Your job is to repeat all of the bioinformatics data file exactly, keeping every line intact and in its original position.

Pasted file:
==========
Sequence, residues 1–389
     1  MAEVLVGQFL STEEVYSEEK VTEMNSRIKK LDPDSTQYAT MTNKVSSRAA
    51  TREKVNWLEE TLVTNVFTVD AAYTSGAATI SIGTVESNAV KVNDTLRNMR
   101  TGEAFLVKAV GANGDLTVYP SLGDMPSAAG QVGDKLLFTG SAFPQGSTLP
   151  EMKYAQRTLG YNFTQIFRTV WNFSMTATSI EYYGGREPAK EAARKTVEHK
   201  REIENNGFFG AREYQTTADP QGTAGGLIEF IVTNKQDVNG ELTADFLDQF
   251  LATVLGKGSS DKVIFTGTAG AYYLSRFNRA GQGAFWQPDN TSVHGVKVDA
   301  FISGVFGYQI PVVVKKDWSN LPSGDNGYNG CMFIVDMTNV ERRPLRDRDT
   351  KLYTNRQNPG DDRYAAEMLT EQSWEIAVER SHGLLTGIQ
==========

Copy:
Sequence, residues 1–389
     1  MAEVLVGQFL STEEVYSEEK VTEMNSRIKK LDPDSTQYAT MTNKVSSRAA
    51  TREKVNWLEE TLVTNVFTVD AAYTSGAATI SIGTVESNAV KVNDTLRNMR
   101  TGEAFLVKAV GANGDLTVYP SLGDMPSAAG QVGDKLLFTG SAFPQGSTLP
   151  EMKYAQRTLG YNFTQIFRTV WNFSMTATSI EYYGGREPAK EAARKTVEHK
   201  REIENNGFFG AREYQTTADP QGTAGGLIEF IVTNKQDVNG ELTADFLDQF
   251  LATVLGKGSS DKVIFTGTAG AYYLSRFNRA GQGAFWQPDN TSVHGVKVDA
   301  FISGVFGYQI PVVVKKDWSN LPSGDNGYNG CMFIVDMTNV ERRPLRDRDT
   351  KLYTNRQNPG DDRYAAEMLT EQSWEIAVER SHGLLTGIQ